dc.description.urihttps://pilotfeasibilitystudies.biomedcentral.com/articles/10.1186/s40814-018-0250-3en
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dc.subjectAttention deficit disorder with hyperactivityen
dc.subjectChild behaviouren
dc.titleProtocol for the STAR (Sheffield Treatments for ADHD) project: An internal pilot study assessing the feasibility of the Trials within Cohorts (TwiCs) design to test the effectiveness of interventions for children with ADHDen
dc.typeArticleen
refterms.dateFOA2021-06-11T15:50:35Z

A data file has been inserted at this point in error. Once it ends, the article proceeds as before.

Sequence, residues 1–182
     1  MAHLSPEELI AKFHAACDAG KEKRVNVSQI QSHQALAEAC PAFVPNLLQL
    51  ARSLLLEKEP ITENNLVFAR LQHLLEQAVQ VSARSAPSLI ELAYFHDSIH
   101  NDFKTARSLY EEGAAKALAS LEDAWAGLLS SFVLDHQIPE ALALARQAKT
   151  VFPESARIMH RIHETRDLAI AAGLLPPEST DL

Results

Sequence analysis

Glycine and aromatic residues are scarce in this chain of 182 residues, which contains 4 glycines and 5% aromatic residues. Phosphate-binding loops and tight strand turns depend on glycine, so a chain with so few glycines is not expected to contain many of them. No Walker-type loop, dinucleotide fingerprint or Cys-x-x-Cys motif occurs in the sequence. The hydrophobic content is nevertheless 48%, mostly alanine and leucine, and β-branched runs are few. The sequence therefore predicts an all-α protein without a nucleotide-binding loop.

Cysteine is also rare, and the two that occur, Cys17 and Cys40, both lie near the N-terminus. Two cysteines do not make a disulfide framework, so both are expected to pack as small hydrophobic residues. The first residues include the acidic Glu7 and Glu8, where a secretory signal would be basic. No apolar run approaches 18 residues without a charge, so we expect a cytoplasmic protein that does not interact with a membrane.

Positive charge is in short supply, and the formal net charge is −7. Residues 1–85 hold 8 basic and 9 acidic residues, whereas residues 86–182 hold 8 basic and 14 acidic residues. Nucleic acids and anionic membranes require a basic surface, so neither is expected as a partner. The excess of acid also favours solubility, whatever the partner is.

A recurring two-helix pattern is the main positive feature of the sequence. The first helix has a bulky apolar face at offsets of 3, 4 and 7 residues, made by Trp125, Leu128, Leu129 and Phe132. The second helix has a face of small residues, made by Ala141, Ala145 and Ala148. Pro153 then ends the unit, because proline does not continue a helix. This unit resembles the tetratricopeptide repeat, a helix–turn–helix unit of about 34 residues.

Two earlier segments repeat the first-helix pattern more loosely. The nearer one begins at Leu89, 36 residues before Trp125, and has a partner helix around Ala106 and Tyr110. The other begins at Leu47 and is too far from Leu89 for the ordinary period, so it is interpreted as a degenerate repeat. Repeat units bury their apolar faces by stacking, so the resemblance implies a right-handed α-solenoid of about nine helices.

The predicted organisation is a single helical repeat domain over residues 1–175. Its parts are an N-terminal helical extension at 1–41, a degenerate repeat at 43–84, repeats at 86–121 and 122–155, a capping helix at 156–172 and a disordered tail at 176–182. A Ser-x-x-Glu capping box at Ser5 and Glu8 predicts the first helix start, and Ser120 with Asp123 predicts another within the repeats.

html.description.abstractBackground: Attention deficit hyperactivity disorder (ADHD) is a common and growing problem and a leading cause of child referrals to Child and Adult Mental Health Services (CAMHS). It is a drain on resources across nationally funded support agencies and associated with negative outcomes such as early criminality, school disruption and antisocial behaviour. Mainstream interventions (pharmacological and behavioural) demonstrate effectiveness whilst implemented, but are costly, often have unwanted side effects and do not appear to be affecting long-term outcomes. Development of a robust evidence base for the effectiveness of current and novel interventions and their impact over the long term is required. The aim of the Sheffield Treatments for ADHD Research (STAR) project is to facilitate a rigorous evidence base in order to provide information about the comparative (cost) effectiveness and acceptability of multiple interventions to key stakeholders. Methods: The Trials within Cohorts (TwiCs) design was used to build a cohort of children with a diagnosis of ADHD and conduct a three-armed pilot trial of the clinical and cost effectiveness of two novel interventions: (a) treatment by nutritional therapists and (b) treatment by homoeopaths, compared to (c) treatment as usual. Participants are recruited to the STAR long-term observational cohort, and their outcomes of interest (ADHD symptoms, health-related quality of life, school disruption, resource use and criminality) are measured every 6 months by carers and (blinded) teachers. Two promising interventions were identified for the first randomised controlled trial embedded in the cohort. A random selection of eligible participants is offered treatments (a) and (b). The outcomes of those offered treatment are compared to those not offered treatment using intention to treat (ITT) analysis. The feasibility of recruiting to the cohort and the trial, delivering the interventions, the effectiveness of the interventions and the appropriateness, sensitivity and collectability of outcomes is trialled. Discussion: The results of this trial will provide information on the feasibility of the TwiCs design to facilitate multiple trials of potential interventions for children with ADHD, and the acceptability, clinical and cost effectiveness of two potential interventions for ADHD to ADHD stakeholders including service providers. Future stages of the STAR project will test other treatments informed by the results in stage 1. © 2018 The Author(s).